The creation of the lordship was intended as an aggressive assertion of royal power: the first example north of the Mounth of the pattern already established south of the Forth by the 1160s of granting large territorial lordships to allies of the king from the incoming Anglo-Norman elite. [12] Garioch was strategically important to securing control by the Kings of Alba over the entire north, as it lay between the earldoms of Mar and Buchan, [9] and controlled the main routes from the Mounth north to the still-restive Province of Moray. [13] Earl David was the King's brother and had first-hand experience of suppressing rebellions in the north, having accompanied William with a "great army" on a military expedition to Ross in 1179. [14] Under his lordship the Garioch was intensively settled with colonisers from an English, French, Norman, Breton and Flemish background, which can still be seen in local placenames such as Ingliston near Caskieben, Williamston in Culsalmond and Flinder (originally Flandres) near Kennethmont. [6]

The Bass of Inverurie, the remaining motte of the main castle of the provincial lordship of Garioch The Bass of Inverurie. - geograph.org.uk - 117762.jpg
The Bass of Inverurie, the remaining motte of the main castle of the provincial lordship of Garioch

One of Earl David's first important decisions was to establish the principal power centre of the lordship at Inverurie, which was recorded as a burgh by 1195 and where Inverurie Castle was completed by 1199 at the latest. [15] Although Inverurie was not a new settlement, it had previously been only of minor importance and before 1190 had been a dependency of the parish of Rothket. [15]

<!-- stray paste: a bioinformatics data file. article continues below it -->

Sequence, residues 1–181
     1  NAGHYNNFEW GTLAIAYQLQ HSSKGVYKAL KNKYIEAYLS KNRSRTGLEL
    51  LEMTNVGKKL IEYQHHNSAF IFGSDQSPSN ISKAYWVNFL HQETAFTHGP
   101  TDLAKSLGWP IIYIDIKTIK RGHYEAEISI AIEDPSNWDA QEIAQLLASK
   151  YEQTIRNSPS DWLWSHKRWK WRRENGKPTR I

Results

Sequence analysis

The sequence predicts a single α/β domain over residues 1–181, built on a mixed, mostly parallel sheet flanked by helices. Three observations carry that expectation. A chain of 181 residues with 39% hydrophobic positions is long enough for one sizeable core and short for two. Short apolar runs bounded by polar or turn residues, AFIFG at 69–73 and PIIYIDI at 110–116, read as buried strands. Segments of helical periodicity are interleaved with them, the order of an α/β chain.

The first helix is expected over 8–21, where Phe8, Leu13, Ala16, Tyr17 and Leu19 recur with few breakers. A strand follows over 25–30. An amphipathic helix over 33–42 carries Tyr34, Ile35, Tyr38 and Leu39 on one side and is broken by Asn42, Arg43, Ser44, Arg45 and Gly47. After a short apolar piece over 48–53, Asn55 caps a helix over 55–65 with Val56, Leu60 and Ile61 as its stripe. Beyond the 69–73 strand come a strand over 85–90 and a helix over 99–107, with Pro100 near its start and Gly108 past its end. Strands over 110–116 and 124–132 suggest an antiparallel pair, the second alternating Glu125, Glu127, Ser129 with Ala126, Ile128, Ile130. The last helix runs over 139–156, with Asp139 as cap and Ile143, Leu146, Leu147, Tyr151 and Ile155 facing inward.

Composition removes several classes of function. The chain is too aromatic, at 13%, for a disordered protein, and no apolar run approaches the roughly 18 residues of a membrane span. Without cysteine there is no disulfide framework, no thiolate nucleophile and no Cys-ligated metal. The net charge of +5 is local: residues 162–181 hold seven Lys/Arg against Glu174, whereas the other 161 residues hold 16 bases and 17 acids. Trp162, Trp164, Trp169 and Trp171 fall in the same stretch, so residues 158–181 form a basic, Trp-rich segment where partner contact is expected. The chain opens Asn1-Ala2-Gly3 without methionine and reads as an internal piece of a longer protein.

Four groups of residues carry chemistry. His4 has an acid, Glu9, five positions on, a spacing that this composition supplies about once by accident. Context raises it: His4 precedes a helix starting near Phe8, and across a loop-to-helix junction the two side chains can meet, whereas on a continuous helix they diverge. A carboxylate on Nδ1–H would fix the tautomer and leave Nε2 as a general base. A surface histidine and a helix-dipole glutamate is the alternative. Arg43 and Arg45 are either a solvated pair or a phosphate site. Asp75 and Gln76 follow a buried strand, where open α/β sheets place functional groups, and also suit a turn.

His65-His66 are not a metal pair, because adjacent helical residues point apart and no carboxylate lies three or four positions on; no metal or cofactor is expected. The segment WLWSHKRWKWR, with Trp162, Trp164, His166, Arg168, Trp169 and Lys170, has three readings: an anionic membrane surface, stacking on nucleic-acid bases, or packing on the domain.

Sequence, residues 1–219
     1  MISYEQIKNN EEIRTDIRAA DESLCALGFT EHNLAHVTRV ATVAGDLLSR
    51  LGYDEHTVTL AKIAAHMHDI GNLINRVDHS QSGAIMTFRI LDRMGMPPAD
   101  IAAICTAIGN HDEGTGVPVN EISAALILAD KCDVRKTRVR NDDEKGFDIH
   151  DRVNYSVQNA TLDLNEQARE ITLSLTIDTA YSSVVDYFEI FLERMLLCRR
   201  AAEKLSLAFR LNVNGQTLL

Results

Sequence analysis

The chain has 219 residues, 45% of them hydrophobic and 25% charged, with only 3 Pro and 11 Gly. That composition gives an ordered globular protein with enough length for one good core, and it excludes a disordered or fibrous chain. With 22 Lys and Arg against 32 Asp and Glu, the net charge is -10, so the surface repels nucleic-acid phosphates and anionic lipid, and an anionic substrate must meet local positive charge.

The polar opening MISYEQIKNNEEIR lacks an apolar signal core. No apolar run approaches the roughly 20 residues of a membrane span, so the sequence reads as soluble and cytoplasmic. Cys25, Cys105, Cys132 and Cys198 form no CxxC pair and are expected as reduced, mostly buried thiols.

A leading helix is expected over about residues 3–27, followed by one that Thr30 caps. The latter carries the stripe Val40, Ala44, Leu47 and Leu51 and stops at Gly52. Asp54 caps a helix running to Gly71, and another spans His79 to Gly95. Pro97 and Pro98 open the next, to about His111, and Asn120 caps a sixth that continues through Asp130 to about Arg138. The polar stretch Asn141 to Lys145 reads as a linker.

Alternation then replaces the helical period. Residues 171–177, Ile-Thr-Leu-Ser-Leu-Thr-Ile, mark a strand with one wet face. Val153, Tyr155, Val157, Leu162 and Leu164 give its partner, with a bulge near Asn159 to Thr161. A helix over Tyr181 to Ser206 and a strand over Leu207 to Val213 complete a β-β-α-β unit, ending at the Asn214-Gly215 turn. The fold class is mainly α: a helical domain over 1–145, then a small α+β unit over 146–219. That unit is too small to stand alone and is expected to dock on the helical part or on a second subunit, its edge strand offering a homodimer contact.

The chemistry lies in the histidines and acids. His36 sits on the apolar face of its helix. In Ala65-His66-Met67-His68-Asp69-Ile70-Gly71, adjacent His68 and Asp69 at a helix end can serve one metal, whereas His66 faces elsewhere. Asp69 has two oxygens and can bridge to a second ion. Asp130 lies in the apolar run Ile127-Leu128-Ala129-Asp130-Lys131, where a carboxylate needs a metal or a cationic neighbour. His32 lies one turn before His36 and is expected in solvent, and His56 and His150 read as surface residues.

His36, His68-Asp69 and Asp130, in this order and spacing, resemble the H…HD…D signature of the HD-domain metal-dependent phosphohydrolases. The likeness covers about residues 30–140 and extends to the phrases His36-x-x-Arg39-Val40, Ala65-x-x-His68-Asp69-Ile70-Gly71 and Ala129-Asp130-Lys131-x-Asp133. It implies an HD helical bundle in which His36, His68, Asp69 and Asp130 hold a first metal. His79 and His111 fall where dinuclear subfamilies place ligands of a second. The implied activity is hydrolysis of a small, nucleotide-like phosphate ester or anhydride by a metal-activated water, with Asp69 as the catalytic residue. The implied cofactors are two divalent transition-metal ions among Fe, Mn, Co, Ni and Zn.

After the death in 1237 of Earl David's childless son and successor John, the lordship was divided between his three sisters, coming into the hands of the families of their husbands John de Balliol, Robert de Brus and Henry de Hastings. [16] As early as 1290 Robert the Bruce was seeking to take complete control of the Garioch from de Balliol's and de Hastings' descendents John Balliol and John Hastings, who were his competitors for the Crown of Scotland. [17] In early 1315, after Bruce's victory at the Battle of Bannockburn, an inquest was held into the Balliol and Hastings lands in Garioch, and the lordship was reunited and granted in its entirety by Bruce to his oldest living sister Christina Bruce. [18] Christina died in 1357 and the lordship of the Garioch was granted to Thomas, Earl of Mar by David II, after which it remained permanently attached to the Earldom of Mar. [19]